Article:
As a native Detroiter, I feel tremendous sadness that the city of my birth and this once great American metropolis has become synonomous with America’s industrial decay and the symbol of the country’s fall from glory. I only lived a year here, on the city’s west side on Glastonbury near River Rouge Park, before my family moved. Perhaps it was best they left when thousands of families, almost all white, were fleeing to the suburbs. This flight followed decades of redlining and segregation that had stiffled opportunities for the city’s African-Americans, coming to a hot boil in the 1967 riots that left 43 people dead and 2,000 buildings destroyed.
What befell Detroit was far greater than what the city alone controlled. Federal policies promoting interstate construction, the petro-based economy that allowed for suburban development, the lack of opportunities for disadvantaged and non-white residents, and trade policy and treaties like NAFTA each took their toll. The automobile makers who once made the city rich inevitably restructured, and the debate rages if organized labor or the Big Three really brought the Motor City to its knees. Today, the city is infamous as a symbol of capitalist ruin, where nearly four in 10 residents live in poverty, according the the U.S. Census, and Detroit tops the FBI’s list, as of 2014, for murder and violent crime rates for large cities. So, if you are looking for a happy story, or a story on plucky urban farmers and tough urban pioneers who are making a go in this truly American city, this is not the place. That is someone else’s story, not mine. I visited in April 2015 and again in September 2015, and what I saw profoundly impacted me. For a great photo essay, see Andrew Moore’s series.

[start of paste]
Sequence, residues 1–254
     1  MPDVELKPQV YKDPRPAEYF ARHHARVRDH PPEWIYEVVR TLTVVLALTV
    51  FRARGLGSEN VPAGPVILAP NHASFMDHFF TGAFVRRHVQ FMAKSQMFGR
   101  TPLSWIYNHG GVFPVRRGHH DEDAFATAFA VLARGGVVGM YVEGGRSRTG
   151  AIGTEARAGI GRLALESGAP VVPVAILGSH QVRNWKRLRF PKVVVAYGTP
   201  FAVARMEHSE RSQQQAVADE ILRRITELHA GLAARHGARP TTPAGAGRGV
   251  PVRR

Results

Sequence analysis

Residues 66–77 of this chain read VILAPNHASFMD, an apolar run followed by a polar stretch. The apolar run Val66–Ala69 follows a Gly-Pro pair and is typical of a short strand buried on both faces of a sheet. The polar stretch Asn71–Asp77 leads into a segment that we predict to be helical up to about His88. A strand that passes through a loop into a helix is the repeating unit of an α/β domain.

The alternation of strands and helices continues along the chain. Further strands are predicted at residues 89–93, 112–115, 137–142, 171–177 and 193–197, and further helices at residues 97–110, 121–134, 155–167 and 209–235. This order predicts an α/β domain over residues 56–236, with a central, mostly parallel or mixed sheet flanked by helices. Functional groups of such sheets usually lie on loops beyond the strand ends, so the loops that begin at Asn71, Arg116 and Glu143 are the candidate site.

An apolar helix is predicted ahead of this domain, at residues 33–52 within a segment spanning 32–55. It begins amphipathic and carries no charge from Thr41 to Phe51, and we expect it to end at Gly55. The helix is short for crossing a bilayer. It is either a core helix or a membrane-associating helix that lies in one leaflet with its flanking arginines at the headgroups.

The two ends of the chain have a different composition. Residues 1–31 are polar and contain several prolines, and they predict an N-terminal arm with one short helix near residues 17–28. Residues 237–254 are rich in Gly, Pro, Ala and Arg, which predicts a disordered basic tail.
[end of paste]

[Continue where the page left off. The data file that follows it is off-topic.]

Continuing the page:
Please see my second Detroit photo essay, from pictures taken in April 2015, entirely with my GoPro camera. These photos were taken during my September 2015 trip.